This website allows me to publish some shameless self-promotion, in my Folio section, and to find a home for the essays, reviews, comments, and other bits and pieces that I write regardless of remuneration.
There is no SSL here because I don’t sell anything, and the process for unpaid secure socket layer technology is clumsy. Google has not covered itself in glory by writing a bias into its search algorithms that demote sites not using commercial infrastructure.
The title, minority reports, comes not from the film or the story by Phillip K Dick, but from the convention of courts and tribunals to allow for dissenting opinions. And from the late Christopher Hitchens’ ‘Minority Report’ column in The Nation. It signifies that most of what I say or write or is not anodyne or consensus-driven.
With a background in journalism, public affairs management, IT management and consultancy, and ‘curmudgeonry’, there’s really no end to the number of subjects on which I have an opinion, presented here in a ‘magazine’ format.
The default page, with pointers to recent content.
This is me responding to news items, analysis, controversies, or anything else that happens in the public domain and attracts my interest.
In an age of diminishing news media editorial independence and social media carriage of hostile, extremist disinformation, analysis of events and people should include critique of propaganda methods as much as the ‘news’ they disseminate.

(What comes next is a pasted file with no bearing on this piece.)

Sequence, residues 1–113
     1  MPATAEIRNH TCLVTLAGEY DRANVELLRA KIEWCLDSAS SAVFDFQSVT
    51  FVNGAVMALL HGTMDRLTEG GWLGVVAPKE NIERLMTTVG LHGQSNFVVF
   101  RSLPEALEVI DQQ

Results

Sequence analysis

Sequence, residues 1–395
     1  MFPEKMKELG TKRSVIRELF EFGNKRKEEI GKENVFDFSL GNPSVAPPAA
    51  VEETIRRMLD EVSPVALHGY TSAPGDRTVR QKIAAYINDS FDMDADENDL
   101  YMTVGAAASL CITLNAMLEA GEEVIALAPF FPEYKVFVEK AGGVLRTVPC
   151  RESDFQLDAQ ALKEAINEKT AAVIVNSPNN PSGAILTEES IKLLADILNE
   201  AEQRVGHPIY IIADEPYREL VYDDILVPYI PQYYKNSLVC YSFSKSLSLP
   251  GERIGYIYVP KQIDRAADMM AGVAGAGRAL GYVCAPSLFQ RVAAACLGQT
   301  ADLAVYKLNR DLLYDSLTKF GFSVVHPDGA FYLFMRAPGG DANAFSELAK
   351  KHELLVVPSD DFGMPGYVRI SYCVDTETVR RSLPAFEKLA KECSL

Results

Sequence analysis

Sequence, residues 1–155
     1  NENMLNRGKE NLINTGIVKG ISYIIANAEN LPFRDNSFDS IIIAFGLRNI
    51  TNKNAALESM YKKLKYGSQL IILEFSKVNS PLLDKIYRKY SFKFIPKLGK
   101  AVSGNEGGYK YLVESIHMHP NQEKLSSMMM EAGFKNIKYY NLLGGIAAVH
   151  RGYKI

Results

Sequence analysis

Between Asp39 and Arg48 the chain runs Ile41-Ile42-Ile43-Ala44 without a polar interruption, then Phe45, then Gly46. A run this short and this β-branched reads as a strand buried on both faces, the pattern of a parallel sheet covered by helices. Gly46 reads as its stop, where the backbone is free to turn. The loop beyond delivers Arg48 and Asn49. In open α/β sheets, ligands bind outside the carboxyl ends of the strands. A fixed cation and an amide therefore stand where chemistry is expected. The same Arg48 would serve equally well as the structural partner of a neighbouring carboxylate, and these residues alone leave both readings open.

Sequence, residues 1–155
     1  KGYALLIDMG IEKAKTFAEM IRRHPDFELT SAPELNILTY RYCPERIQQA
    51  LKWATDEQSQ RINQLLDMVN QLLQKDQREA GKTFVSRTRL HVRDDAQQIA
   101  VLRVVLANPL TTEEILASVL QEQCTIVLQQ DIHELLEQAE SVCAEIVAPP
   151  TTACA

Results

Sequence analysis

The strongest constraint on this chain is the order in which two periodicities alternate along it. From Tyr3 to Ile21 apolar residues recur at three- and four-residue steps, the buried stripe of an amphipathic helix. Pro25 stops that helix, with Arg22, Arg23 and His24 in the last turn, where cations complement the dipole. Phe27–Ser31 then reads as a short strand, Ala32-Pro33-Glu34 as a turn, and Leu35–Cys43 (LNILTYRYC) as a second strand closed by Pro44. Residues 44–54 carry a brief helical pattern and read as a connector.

Contains mostly descriptions of professional management and IT methods I use, and how they might be relevant to your organization.
An archive of my essays on a wide range of topics. These are, arguably, longer versions of what I might write as a comment. But also attempts to define and nail down some elusive and misunderstood tropes.
Mostly film and television that left an impression. Books that struck me as noteworthy. Other cultural artifacts that caused me to experience a response. And mostly not ‘previews’, but years after the fact.
The site employs a child theme of MH Magazine Lite, chosen mainly for clean lines and simplicity.
If it seems that I am inconsistent in using the suffixes -ise and -ize, it’s actually intentional: British English does not have a simple rule, conveniently favoring one or the other. Usage depends on Greek and Latin derivations, as explained by Robert Nelson.
Content here is predominantly text, hence the ‘magazine’ format.
You can comment on most posts, or send me an email with your feedback. I don’t store email addresses, but require them to prevent spam. Comments and emails are protected by the Google reCAPTCHA challenge to spam bots, which is easy to use for real people.